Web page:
47 8-4 Work Done by Nonconservative Forces In this example, the nonconservative force is water resistance:

48 8-4 Work Done by Nonconservative Forces Eftersom hastigheten är noll i de två tillstånden gäller att E i = mgh E f = mg(-d) W nc = ΔE = E f – E i = -mg(h+d) = (J) som då h = 3,00 m ger d = 5120/mg – h = 5,49 – 3,00 = 2,49 (m)

49 Conceptual Checkpoint 8–3 Judging a Putt Initial speed a) 2v 0 b) 3v 0 c) 4v 0 ? Friktionskraften antas konstant.

50 Conceptual Checkpoint 8-3 Judging a Putt Energi finns lagrad som kinetisk energi som går åt till arbetet som friktionskraften F utför på sträckan d. W nc = - Fd ΔE = E f - E i = 0 - mv 0 2 /2 W nc = ΔE ger v 0 ~ d så att om d = 4d måste v = 2v 0, rätt svar a)

51 Example 8-10 Landing with a Thud (m 1 = 2,40 kg, m 2 = 1,80 kg, d= 0,500 m, μ k = 0,450) Vad är hastigheten när blocket slår i golvet?

52 Example 8-10 Landing with a Thud Energi finns lagrad som potentiell energi som går åt till arbetet som friktionskraften F utför på sträckan d. W nc = - Fd F = μ k N = μ k m 1 g E i = m 1 gh + m 2 gd E f = m 1 gh + (m 1 + m 2 )v f 2 /2 ΔE = E f - E i = (m 1 +m 2 )v f 2 /2 – m 2 gd = W nc = -Fd v f = [2gd(m 2 – μ k m 1 )/(m 1 +m 2 )] 1/2 = 1,30 m/s

53 Active Example 8-3 Marathon Man: Find the Height of the Hill

54 Active Example 8-3 Marathon Man Joggaren (m= 80,0 kg) har utfört ett ickekonservativt (positivt) (muskel)arbete W nc1 = 18,0 kJ Luftmotståndet har utfört ett ickekonservativt (neg.) W nc2 = - 4,42 kJ Joggarens fart på backens krön är = 3,50 m/s Bestäm backens höjd h E i = 0 E f = mgh + mv f 2 /2 = mgh J ΔE = E f - E i = W nc = (18,0 – 4,42) kJ h = [(18,0 – 4,42 – 0,49)kJ/(80,0 kg9,81 m/s 2 )= 16,7 m

55 8-5 Potential Energy Curves and Equipotentials The curve of a hill or a roller coaster is itself essentially a plot of the gravitational potential energy:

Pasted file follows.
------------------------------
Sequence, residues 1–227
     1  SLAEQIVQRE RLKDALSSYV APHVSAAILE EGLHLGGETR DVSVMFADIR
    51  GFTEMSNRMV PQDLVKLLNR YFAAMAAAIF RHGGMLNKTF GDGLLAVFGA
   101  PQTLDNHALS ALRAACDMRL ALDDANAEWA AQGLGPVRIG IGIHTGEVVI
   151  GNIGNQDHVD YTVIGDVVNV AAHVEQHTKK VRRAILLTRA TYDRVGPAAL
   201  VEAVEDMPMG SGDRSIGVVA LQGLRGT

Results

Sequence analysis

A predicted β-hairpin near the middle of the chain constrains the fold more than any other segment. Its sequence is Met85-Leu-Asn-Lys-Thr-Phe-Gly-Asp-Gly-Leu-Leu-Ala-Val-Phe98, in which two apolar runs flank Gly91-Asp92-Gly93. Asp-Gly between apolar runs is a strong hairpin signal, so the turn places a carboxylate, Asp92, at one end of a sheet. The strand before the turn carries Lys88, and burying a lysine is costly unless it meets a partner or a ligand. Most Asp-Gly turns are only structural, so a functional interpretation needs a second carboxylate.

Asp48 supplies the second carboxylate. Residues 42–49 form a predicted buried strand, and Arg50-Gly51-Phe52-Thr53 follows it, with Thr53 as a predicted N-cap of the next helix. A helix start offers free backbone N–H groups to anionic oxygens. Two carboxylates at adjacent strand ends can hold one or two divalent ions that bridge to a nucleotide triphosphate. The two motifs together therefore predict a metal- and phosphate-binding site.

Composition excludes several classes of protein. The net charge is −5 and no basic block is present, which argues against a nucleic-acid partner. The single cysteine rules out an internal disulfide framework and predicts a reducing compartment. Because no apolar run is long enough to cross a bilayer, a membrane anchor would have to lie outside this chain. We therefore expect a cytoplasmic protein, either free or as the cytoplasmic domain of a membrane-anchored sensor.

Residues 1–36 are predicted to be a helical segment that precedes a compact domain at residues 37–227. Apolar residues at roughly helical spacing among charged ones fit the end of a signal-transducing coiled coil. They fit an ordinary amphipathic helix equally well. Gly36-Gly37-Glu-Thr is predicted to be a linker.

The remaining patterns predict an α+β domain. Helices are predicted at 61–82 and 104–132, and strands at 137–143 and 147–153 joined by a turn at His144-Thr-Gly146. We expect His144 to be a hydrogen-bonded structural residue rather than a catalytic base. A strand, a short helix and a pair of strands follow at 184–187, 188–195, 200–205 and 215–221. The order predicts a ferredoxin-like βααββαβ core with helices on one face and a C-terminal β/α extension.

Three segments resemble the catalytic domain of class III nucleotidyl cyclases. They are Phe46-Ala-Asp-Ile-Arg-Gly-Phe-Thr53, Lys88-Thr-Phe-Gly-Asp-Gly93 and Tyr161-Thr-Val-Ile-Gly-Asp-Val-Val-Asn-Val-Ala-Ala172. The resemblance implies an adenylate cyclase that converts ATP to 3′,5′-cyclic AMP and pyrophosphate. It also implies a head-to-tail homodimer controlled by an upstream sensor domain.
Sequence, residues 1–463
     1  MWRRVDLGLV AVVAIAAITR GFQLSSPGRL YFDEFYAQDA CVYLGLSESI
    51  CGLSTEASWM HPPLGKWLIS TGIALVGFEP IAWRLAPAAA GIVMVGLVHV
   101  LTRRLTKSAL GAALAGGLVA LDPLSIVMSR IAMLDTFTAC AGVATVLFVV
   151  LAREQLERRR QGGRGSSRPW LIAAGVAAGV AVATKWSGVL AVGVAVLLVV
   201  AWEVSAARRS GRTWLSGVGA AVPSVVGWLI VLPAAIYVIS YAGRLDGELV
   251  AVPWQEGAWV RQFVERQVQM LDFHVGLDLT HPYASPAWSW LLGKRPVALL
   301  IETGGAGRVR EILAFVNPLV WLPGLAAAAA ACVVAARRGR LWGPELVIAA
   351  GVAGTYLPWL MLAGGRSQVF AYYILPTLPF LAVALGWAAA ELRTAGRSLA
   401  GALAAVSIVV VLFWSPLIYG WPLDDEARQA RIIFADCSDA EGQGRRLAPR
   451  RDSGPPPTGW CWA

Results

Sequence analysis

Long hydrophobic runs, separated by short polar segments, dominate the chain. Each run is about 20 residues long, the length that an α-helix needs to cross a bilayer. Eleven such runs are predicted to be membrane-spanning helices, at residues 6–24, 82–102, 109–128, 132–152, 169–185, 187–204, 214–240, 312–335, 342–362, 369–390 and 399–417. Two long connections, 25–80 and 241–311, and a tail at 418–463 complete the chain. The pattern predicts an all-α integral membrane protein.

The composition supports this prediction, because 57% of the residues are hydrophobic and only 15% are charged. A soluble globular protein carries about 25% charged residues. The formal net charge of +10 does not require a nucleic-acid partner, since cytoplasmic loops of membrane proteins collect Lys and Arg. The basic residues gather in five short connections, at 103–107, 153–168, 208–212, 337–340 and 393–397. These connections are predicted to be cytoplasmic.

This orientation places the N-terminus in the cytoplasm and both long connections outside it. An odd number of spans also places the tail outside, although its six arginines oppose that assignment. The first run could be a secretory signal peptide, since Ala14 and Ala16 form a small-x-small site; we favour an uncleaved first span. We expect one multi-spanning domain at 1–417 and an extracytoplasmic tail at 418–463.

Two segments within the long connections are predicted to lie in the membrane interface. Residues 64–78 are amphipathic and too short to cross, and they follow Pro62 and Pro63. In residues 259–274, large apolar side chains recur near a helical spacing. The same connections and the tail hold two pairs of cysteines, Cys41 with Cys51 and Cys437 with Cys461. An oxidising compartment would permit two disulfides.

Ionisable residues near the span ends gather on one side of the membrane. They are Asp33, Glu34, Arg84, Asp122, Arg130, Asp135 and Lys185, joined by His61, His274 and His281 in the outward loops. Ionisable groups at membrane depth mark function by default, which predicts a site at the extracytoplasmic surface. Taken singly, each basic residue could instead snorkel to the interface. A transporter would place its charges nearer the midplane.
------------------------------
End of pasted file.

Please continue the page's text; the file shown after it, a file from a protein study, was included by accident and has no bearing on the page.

56 8-5 Potential Energy Curves and Equipotentials The potential energy curve for a spring:

57 Example 8-11 A Potential Problem Partikeln rör sig i ett konservativt kraftfält längs banan enligt figur. Om hastigheten är 2,30 m/s för x = 0, vad är hastigheten i punkten x = 2,00 m?

58 Example 8-11 A potential problem E i = K i + U i = 1,60 (2,30) 2 /2 + 9,35 J = 13,58 J E f = K f + U f = 1,60 v f 2 /2 + 4,15 J v f = [2(13,58 – 4,15)/(1,6)] 1/2 = 3,43 m/s

59 8-5 Potential Energy Curves and Equipotentials Contour maps are also a form of potential energy curve:

60 Summary of Chapter 8 Conservative forces conserve mechanical energy Nonconservative forces convert mechanical energy into other forms Conservative force does zero work on any closed path Work done by a conservative force is independent of path Conservative forces: gravity, spring

61 Summary of Chapter 8 Work done by nonconservative force on closed path is not zero, and depends on the path Nonconservative forces: friction, air resistance, tension Energy in the form of potential energy can be converted to kinetic or other forms Work done by a conservative force is the negative of the change in the potential energy Gravity: U = mgy Spring: U = ½ kx 2

62 Summary of Chapter 8 Mechanical energy is the sum of the kinetic and potential energies; it is conserved only in systems with purely conservative forces Nonconservative forces change a system’s mechanical energy Work done by nonconservative forces equals change in a system’s mechanical energy Potential energy curve: U vs. position